TOMAS Watson welcomed me into his studio, housed in an almost derelict old house in the lush village of Menites on the Cycladic island of Andros, and as he painted I asked him questions. Having known him for several years, our conversations normally take place over a dinner table, usually crowded with delicious meze dishes and frosty carafes of hima wine. Never one to put on airs, despite being a successful artist, he regularly and openly discusses his art, the ins and outs of his working processes, the things that perplex, block or catalyze him when painting, but I have never actually watched him paint until this day. I feel quite honoured to be able to sit in a corner of his working space, thick with the dizzying odour of turpentine, immersed as I watch him talk, move and create, as if he is doing something mundane like washing a car or making tea, while in fact, he is producing a magnificent, giant artwork that five months later sold very well in London. It’s somewhat mesmerising to think that living by the sacred river and immortalized in an art studio on a Cycladic island, the subject of The Pilgrim (pictured below) is now gracing someone’s personal space, probably transporting its buyer as he or she observes it, to the dust, pungent aromas, blinding and incandescent chaos of the River Ganges, placing that person in a different spectre, away from ordinary reality, as he or she sits by an old Indian man who is sipping his tea.
“To other countries, I may go as a tourist, but to India, I come as a pilgrim.”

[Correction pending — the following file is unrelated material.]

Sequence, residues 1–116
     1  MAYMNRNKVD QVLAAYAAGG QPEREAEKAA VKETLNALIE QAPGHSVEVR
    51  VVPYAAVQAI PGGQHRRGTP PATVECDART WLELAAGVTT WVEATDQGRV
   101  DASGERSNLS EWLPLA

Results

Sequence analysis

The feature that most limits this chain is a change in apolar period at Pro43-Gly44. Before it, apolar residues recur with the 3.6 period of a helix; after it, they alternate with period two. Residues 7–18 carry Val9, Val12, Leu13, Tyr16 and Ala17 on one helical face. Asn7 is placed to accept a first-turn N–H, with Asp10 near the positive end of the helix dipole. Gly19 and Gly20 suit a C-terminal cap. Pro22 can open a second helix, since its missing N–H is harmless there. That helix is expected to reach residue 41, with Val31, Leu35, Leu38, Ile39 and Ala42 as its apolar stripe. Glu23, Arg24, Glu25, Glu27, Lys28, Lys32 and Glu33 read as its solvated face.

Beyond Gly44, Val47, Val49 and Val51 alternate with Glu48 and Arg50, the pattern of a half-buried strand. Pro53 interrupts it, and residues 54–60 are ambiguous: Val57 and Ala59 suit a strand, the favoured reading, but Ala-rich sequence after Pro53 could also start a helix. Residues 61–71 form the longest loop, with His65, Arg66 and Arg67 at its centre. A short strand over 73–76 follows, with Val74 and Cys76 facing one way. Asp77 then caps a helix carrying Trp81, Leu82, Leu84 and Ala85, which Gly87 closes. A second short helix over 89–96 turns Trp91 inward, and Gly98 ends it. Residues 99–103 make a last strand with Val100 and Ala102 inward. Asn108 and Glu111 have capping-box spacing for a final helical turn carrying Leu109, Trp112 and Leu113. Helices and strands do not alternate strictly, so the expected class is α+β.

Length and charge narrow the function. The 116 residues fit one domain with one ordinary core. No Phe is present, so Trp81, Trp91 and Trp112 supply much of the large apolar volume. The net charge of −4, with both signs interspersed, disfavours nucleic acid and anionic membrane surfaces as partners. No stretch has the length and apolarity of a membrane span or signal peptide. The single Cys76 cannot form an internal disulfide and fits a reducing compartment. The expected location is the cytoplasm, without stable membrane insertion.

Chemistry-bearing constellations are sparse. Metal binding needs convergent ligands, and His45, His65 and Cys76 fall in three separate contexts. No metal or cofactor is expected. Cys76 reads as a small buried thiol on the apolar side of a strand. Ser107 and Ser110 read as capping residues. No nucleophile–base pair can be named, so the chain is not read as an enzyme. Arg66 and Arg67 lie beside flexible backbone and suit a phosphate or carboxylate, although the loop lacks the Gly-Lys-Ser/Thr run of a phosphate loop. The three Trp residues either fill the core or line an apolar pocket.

Martin Luther King, Jr
Tom has a long and complex rapport with India, which he talks about in this interview. His Italian wife Ornella is a devoted and accomplished yoga teacher who trains there every year for several months – while she perfects her ‘downward dog’ Asana he photographs and sketches, and sometimes dedicates hours on the yoga mat too. One thing is clear – India has been a powerful and profoundly inspiring destination for both of them, as has their life over many years on various Greek islands, where they have lived year-round, in nature, enjoying a life with their various dogs and cats, fresh air, organically grown produce that in some periods they have grown themselves, and always transformed into something even better by Ornella’s prolific cooking. Although he comes and goes to London and Rome, he is definitely not a city person, and so they manage to maintain some sense of innocence and clarity away from the persistent, muted siren of urban existence. They have strong connections with the local community, and Tom sketches the island’s characters, experiments with varying ideas, techniques and materials, as well as teaching a weekly art class during the summer months, where you will find students aged 12-80.
In this interview, Watson reveals his philosophy and intricate creative process, his ideas about art, his life influences and the crucial development of techniques now and in the past. A huge learning experience for any art lover, and a real treat to anyone who wants to better understand how this engaging and ingenious artist’s mind ticks.
Tom Watson now has an online store: